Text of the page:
Discussion includes a recap of the last few podcasts.

Desiree Chappell joins us to update the team on ‘the opioid crisis’; 50 overdoses in a twenty hour period reported in Kentucky? Can a perioperative multimodal approach to pain management help tackle it? How important is managing patient expectations as regards pain?

Dr Ramani Moonesinghe, Director of the Health Services Research Centre at the RCoA, discusses patient data. Why is important to report both median and mean length of stay when collating data in relation to enhanced recovery after surgery. Various UK patient data initiatives are discussed including the Perioperative Quality Improvement Programme (PQIP) , what’s the importance of making this data available to all? Should we also work towards making it more available to patients? The SNAP-2 project is also discussed.

The PQIP website mentioned is here: http://www.pqip.org.uk/

Scott Brudney Professor Departments of Anaesthesiology and Internal Medicine, University of Manitoba, Winnipeg joins us to discuss fluid management: Is it really ok to have a drink before an operation? What about a carbohydrate drink? Is it really for the best to have had ‘nil by mouth’ from 6pm the night before?

Mike Grocott Professor of Anaesthesia and Critical Care Medicine at the University of Southampton joins us on the line with some other guests including; Professor Sol Aronson, a tenured professor at Duke University and Executive Vice Chairman in the Department of Anesthesiology, and Dr Paul E Wischmeyer of Duke University. They provide some insight into the ASER conference, more depth regarding what to do with someone who is mulnourished, the advantages of pre-habilitation and the importance of nutrition clinics as part of preparation for surgery. How do you build a robust financial model for such an enterprise?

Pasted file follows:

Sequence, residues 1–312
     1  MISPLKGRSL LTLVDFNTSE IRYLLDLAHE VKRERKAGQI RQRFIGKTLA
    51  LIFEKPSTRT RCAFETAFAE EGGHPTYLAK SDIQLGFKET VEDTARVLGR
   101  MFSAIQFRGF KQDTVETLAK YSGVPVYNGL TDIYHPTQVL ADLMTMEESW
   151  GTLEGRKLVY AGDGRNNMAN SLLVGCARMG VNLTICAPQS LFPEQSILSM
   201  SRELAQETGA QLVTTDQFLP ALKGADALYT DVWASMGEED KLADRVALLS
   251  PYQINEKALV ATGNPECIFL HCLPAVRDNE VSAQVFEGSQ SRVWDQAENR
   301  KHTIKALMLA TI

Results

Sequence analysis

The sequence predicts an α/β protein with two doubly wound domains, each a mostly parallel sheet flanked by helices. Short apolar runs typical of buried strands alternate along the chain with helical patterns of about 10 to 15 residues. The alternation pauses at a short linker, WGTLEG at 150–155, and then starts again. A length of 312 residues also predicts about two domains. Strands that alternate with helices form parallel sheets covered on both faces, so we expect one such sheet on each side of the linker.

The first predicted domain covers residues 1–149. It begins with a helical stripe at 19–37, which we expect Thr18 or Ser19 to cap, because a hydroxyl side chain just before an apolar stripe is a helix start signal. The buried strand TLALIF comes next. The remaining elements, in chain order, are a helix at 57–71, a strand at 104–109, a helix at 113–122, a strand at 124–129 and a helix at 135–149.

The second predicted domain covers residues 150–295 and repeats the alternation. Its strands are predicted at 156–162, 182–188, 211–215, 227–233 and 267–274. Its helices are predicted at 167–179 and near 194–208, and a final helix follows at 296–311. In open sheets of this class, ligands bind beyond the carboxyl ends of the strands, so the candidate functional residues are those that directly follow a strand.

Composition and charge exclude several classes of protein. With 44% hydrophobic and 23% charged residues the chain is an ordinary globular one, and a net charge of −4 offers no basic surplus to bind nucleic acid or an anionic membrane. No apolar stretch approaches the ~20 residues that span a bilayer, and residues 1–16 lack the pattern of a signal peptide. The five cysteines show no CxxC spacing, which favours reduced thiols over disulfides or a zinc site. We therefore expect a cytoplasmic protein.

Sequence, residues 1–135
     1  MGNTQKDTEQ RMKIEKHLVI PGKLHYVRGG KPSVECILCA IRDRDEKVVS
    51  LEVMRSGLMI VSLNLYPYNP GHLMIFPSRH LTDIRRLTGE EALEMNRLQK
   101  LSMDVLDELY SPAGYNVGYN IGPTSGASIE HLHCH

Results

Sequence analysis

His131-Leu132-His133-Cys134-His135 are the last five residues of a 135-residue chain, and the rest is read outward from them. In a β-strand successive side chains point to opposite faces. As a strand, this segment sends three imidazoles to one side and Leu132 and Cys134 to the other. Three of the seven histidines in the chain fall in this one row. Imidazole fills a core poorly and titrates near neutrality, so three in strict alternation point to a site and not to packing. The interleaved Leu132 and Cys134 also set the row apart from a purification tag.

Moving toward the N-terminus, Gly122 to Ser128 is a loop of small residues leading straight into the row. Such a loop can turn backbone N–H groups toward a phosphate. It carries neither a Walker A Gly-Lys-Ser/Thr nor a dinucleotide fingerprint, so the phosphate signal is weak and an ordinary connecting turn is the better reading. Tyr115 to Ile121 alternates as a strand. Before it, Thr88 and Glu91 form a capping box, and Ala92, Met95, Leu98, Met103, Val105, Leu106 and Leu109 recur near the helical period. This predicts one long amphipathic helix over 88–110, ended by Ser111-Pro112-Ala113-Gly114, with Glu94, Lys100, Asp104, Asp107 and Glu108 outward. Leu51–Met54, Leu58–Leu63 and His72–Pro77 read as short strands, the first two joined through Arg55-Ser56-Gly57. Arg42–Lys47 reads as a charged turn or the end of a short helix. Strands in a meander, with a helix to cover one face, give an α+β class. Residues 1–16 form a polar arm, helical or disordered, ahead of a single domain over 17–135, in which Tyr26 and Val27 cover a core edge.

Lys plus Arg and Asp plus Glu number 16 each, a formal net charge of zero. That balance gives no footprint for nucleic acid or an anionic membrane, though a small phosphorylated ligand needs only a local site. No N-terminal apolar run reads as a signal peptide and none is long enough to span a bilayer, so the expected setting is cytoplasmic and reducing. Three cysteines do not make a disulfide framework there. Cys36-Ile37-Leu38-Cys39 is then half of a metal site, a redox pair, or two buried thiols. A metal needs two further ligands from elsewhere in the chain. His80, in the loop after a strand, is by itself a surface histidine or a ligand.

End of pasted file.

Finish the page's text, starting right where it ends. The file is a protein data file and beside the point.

Sol Aronson explains the acronym POET – a truly multidisciplinary Perioperative Enhancement Team, responsible for project managing optimisation programmes. The fundamental philosophy is espoused that people should have surgery, when they are ready.

Finally Dr. Timothy Miller, Assistant Professor of Anesthesiology at Duke University Medical Center, joins us to discuss ASER and an optimistic future for the perioperative movement.

The link mentioned in the podcast is here: https://ebpom.org/ASER-EBPOM-2017

Sponsored by EBPOM and Edwards Life Sciences